As the benefit and advantage of the good improvement of such a season, is extraordinary great ; so the danger of neg. lecting, and misimproving it, is proportionably great. It is abundantly evident by the scripture, that as a time of great outpouring of the Spirit, is a time of great favor to those that are partakers of the blessing ; so it is always a time of remarkable vengeance to others. So in Isa. Ixi. 2, the same that is called, the acceptable year of the Lord, is called also, the day of vengeance of our God. So it was amongst the Jews, in the apostles' days : The apostle in 2 Cor. vi. 2, says of that time, that it was the accepted time, and day of salvation ; and Christ says of the same time, Luke xxi. 22, “ These are the days of vengeance." At the same time that the blessings of the kingdom of heaven were given to some, there was an are laid at the root of the trees, that those that did not bear fruit, might be hewn down, and cast into the fire, Mat. in. 9, 10, 11. Then was glorified, both the goodness and severity of God, in a remarkable manner. Rom. xi. 22. The harvest and the vintage go together : At the same time that the earth is reaped, and God's elect are gathered into the garner of God; the angel that has power over fire, thrusts in his sickle, and gather's the cluster of the vine of the earth, and casts it into the great wine press of the wrath of God, Rev. xiv. at the latter end. So it is foretold, that at the beginning of the glorious times of the

Christian church, at the same time that the hand of the Lord is known towards his servants, 80 shall his indignation, towards his enemies, Isa. lxvi. 14. So when that glorious morning shall appear, wherein the sun of righteousness shall arise, to the çlect, with healing in his wings, the day shall burn 48 an quente the wickedy Mal. iv. 1, 2, 3. There is no time like such a time, for the increase of guilt, and treasuring up wrath, and desperate hardening of the heart, if men stand it out; which is the most awful judgment, and fruit of divine wrath, that can be inflicted on any mortal. So that a time of great grace, and pouring out of the Spirit, and the fruits of divine mercy, is evermore also, a time of great outpouring of something else, viz. divine vengeance, on those that neglect and misimprove such a season.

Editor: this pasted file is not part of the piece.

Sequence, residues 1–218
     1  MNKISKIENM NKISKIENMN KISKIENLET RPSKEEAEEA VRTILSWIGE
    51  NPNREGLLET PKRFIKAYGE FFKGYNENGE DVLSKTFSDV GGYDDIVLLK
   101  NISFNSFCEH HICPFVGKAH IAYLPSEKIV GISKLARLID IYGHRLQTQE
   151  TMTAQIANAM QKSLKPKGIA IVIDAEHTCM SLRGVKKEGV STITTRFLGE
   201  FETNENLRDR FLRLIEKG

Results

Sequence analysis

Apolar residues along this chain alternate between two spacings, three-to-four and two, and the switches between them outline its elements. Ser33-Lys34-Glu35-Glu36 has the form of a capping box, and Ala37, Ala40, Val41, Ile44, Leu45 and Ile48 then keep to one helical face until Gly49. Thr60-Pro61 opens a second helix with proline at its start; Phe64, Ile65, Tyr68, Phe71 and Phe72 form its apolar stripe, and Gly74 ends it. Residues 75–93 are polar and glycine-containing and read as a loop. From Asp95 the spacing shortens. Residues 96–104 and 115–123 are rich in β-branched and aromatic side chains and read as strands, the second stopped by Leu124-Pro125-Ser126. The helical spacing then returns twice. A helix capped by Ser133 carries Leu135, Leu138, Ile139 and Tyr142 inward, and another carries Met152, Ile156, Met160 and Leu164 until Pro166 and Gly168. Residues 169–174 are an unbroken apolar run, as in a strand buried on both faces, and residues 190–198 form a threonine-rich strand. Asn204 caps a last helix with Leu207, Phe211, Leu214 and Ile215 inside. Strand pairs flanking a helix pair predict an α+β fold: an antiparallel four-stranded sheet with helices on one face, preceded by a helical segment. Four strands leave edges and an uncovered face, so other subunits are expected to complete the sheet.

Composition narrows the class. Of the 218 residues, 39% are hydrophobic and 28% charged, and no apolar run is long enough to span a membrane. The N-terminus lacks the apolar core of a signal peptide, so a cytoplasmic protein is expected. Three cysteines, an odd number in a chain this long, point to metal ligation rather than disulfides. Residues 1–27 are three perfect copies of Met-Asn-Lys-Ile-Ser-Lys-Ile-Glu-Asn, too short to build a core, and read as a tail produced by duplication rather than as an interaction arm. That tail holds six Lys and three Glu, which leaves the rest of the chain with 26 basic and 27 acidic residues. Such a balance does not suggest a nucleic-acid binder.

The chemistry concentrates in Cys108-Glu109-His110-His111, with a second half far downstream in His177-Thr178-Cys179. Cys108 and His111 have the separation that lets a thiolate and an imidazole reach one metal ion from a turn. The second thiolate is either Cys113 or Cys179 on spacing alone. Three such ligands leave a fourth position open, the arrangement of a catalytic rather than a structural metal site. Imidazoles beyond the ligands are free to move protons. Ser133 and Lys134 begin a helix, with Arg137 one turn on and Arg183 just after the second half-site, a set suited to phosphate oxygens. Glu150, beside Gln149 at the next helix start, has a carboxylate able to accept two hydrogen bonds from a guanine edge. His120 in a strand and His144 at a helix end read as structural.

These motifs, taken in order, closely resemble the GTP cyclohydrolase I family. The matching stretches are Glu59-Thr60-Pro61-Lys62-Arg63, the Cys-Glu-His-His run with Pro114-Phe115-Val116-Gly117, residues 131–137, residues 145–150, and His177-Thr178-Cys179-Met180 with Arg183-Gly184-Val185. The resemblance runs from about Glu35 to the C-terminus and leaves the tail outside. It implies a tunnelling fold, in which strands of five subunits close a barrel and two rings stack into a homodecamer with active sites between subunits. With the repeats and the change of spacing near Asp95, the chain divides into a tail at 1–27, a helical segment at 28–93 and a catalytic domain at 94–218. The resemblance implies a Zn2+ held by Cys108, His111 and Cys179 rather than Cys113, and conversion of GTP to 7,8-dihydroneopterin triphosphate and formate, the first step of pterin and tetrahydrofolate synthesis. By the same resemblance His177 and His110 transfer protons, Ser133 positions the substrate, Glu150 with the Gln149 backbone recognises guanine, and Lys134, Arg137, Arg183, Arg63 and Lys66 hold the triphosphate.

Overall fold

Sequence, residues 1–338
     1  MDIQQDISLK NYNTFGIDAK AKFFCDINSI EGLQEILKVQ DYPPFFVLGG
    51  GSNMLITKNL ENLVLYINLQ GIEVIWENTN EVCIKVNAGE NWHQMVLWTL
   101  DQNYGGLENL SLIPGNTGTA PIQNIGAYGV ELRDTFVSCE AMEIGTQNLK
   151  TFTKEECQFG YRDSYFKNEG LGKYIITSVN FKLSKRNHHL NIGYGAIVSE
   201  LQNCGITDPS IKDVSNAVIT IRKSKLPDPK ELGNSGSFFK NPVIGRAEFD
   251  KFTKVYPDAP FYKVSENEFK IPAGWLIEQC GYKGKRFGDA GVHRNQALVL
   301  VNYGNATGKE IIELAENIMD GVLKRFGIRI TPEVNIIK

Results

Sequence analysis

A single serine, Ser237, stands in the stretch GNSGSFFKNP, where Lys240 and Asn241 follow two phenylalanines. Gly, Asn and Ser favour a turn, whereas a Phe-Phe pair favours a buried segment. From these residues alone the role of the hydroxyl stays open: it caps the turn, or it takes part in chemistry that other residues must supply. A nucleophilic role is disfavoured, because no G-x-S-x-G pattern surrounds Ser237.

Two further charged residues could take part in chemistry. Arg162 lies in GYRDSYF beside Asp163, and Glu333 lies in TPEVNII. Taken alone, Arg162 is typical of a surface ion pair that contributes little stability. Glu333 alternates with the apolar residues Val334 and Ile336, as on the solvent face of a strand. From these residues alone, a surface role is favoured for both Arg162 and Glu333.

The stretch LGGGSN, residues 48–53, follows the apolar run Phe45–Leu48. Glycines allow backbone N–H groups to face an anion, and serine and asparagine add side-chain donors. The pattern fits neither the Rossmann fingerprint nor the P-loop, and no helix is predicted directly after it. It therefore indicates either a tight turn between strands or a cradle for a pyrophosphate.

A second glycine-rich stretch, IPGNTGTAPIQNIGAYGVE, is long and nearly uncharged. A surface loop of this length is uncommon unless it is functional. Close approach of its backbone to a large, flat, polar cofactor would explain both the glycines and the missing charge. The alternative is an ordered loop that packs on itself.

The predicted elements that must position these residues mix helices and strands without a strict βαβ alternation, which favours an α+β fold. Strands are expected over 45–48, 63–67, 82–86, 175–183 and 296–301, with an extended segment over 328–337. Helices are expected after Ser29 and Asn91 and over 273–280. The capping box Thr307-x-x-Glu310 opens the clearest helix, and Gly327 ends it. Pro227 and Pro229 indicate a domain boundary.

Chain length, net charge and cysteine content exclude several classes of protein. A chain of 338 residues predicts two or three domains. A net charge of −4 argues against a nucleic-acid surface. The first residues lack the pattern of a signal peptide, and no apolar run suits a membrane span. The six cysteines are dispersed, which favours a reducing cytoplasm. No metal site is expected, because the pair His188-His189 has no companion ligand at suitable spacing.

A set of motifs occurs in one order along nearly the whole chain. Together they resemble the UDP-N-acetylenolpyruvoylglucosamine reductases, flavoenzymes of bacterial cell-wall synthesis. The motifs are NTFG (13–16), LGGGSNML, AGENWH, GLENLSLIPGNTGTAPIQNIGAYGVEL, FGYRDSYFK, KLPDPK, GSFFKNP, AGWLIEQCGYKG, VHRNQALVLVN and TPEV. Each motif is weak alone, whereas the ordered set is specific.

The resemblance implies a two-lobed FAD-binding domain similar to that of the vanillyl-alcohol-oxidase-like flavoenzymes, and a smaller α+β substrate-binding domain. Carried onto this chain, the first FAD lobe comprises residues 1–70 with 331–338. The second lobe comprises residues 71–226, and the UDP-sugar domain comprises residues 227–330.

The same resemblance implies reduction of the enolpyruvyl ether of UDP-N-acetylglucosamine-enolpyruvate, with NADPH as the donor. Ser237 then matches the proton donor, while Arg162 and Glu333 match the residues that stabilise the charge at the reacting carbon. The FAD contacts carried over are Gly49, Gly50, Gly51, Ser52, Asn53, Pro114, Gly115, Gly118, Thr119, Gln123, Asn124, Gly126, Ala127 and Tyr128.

The state of the present revival of religion, has an awful aspect upon those that are advanced in years. The work has been chiefly amongst those that are young i and comparatively, but few others have been made partakers of it. And indeed, it has commonly been so, when God has begun any great work, for the revival of his church; he has taken the young people, and has cast off the old and stiff necked genera. tion. There was a remarkable outpouring of the Spirit of God, on the children of Israel in the wilderness, on the younger generation, their little ones, that they said, should be a prey, the generation that entered into Canaan, with Joshua; which is evident by many things in scripture, That generation seems to have been the most excellent generation that ever was in the church of Israel, There is no generation of which there is so much good, and so little hurt spoken in scripture; as might be shewn, if it would not be too long. In that gençration, that were under twenty years, when they went out of Egypt, was that kindness of youth, and love of espousals, spoken of, Jer. ii. 2, 3. But the old generation were passed by, and

, remained obstinate and stiff necked, were always murmuring, and would not be convinced by all God's wonderous works that they beheld. God by bis awful judgments that he executed in the wilderness, and the afliction that the people suffered there, convinced and humbled the younger generation,